In the coming weeks, anyone putting a call in to the Londonderry Fire Department’s non-emergency number will find that the person usually on the other end of the line is replaced with an automated phone system.
Speaking at the Town Council Meeting this past Monday, Londonderry fire Chief Darren O’Brien detailed the plan to adopt an automated communications system to streamline the way his department works through inbound phone calls. Citing the department’s current workload, Chief O’Brien expressed his belief that the change was sorely needed.
“We’ve gotten to a point where the call volume needs to be taken down,” remarked O’Brien. “I think it’s time to make that transition.”
Under the new system, those calling in to the department’s non-emergency line will immediately be greeted with an automated prompt that tells the caller to hang up and dial 911 if there is an emergency. After this, the caller will be presented with options that will allow them to connect directly to the division or individual that they need to speak to.
While O’Brien noted that he had some reservations about the automated system taking away from the personal touch of a human voice, he made a point to mention that every caller will have the ability to request to speak to a dispatcher at any time after the immediate greeting.
Speaking on the flaws of the current system, O’Brien stressed that Londonderry dispatchers on the non-emergency line were being “inundated with calls throughout the day” with residents calling about everything from burn permits to specific questions for his office. Under the automated system, O’Brien made clear that each individual division within the fire department will be responsible for working through their own phone calls.
Wondering how the automated system might impact someone in an emergency who mistakenly calls the non-emergency number, Councilman Jim Butler asked Chief O’Brien whether delays would exist between the opening prompt and the ability to connect to a human dispatcher. In response, O’Brien noted that any delay would be “minuscule” in nature — lasting no more than “maybe 15 or 20 seconds” from the moment the opening prompt begins.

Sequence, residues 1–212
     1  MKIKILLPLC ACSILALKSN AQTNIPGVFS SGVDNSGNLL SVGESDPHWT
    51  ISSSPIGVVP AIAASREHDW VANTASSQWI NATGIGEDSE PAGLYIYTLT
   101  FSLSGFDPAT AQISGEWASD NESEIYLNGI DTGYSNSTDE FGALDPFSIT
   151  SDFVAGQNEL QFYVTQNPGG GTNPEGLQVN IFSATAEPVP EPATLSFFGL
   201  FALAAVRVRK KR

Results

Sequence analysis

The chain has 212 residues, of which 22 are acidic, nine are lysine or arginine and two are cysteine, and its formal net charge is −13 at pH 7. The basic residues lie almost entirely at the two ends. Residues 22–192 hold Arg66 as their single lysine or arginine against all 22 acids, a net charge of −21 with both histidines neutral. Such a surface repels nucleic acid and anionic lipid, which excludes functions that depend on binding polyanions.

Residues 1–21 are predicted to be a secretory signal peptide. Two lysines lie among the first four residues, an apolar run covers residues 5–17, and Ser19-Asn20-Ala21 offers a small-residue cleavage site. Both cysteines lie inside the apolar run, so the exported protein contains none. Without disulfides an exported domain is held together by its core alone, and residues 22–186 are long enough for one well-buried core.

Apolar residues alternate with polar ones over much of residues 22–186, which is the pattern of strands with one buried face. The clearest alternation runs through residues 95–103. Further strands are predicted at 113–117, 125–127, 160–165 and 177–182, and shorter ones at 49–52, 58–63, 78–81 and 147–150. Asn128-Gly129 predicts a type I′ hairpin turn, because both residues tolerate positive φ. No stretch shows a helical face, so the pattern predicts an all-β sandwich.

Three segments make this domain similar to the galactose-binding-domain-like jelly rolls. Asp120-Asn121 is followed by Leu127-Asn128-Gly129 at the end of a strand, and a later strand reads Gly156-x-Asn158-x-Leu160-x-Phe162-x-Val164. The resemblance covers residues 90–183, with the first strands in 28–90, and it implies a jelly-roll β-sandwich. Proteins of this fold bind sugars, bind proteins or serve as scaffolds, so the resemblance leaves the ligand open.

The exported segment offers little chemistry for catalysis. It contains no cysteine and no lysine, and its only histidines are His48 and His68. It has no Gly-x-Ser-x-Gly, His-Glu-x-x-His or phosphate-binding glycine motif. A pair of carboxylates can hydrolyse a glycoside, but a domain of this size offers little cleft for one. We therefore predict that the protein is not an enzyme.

Councilman Ted Combes raised the question of whether the system would eventually mean faster response times for emergency calls. On this, Chief O’Brien could make no guarantees, but he was willing to assure the Council that the automated system would make it far less likely that citizens calling the non-emergency number for non-emergency matters would find themselves placed on hold because the dispatcher was dealing with an emergency call.
As of right now, the Londonderry Fire Department has yet to determine the exact day that the automated phone system will go live. But Chief O’Brien did state that any and all information related to the date of the switch would be posted on the town’s website as soon as it becomes available.
These efforts to streamline the emergency communications system come on the heels of last week’s severe weather events that tasked the Londonderry Fire Department with responding to two house fires and multiple reports of downed power lines throughout the area.